Emma Fernandez believes Americans are from different nationalities, but we are together as a country. She says the flag represents all of us, so we need to protect it. Other citizens of America disagree with the people’s statements listed before. Karen Albright believes we should not alter the Bill of Rights due to how much this country has endured. She claims it will cause more harm than good. Rob Nelson claims the president is against this Bill because it goes against the First Amendment. Dr. Theresa Bellingham claims this amendment should not be passed due to the little information included, and it “gives too much power to Congress to decide what will be protected.”
Matthew Montgomery describes how it will become much easier to make more changes once we change our Bill of Rights. Patricia Pearlman claims that when she tells her students about living in a democracy, she starts by describing the different types of governments. She then explains how America allows people to express themselves freely, and if the Bill is passed, she will have to describe to her students that we are restricted in certain aspects. Jimmy Koyama claims Americans that burn the flag do not commit the act out of hatred, but because they trust us as a country, we can improve. Jennifer King explains how the authors of the First Amendment wanted to protect our freedom of political speech. She expresses how she views flag burning as another way to voice her opinion.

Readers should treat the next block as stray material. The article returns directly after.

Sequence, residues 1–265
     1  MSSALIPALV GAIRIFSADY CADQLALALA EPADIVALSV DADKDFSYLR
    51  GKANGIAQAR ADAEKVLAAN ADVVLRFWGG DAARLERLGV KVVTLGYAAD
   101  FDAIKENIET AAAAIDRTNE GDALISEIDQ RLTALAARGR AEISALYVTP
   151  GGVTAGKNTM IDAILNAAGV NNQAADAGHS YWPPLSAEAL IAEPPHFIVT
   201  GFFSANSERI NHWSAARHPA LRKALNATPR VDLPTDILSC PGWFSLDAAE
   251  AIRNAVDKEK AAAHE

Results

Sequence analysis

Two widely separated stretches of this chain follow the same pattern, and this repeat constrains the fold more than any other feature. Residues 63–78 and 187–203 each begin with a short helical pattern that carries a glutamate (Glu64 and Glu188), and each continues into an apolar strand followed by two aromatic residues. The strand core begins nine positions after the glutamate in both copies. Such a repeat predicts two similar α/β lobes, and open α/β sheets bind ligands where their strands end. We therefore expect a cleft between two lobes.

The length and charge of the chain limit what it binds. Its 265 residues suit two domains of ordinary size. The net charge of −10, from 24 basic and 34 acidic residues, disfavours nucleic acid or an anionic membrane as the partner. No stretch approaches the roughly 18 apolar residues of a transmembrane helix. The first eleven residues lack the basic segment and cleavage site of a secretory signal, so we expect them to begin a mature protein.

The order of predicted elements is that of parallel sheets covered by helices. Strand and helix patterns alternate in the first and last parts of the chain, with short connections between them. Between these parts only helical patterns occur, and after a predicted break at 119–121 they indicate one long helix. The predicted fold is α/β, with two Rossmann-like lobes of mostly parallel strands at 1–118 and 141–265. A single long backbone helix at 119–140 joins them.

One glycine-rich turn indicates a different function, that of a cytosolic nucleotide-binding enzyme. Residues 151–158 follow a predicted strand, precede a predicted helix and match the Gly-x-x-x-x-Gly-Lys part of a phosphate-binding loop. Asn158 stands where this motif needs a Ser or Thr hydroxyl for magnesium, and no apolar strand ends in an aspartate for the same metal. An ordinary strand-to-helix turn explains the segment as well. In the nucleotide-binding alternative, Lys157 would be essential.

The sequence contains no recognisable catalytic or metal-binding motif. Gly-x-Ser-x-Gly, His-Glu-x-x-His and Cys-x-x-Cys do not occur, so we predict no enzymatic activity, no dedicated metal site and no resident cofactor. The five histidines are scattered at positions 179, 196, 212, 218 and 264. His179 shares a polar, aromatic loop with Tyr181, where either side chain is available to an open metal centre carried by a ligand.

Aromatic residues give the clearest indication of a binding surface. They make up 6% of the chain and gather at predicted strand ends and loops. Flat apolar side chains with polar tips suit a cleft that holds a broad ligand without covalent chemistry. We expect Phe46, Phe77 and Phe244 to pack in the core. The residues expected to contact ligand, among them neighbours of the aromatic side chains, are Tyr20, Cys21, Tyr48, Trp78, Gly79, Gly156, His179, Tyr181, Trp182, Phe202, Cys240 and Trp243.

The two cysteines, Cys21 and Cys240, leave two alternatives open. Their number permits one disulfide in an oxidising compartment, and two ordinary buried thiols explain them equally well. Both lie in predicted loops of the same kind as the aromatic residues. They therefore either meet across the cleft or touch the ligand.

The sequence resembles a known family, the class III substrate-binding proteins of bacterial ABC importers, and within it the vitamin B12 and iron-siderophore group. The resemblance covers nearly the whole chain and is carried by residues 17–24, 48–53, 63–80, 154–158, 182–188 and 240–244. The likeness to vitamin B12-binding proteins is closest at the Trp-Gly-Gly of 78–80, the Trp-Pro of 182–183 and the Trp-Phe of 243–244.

Samuel Jefferson describes how he fought for the “ideals” this country holds, which is the freedom of speech, and taking the right of choosing to express your opinions would go against that very ideal. Tom O’Brien explains that the Bill is unnecessary because people who burn the flag can get “prosecuted under laws against public destruction of property or inciting breach of peace.” Anna Ross claims flag burning is wrong, but the First Amendment protects whomever due to them expressing their point of view on different matters. She owns a newspaper and claims that a writer who criticizes the government and publishes it is the same as someone who decides to burn the flag; they both express their opinions.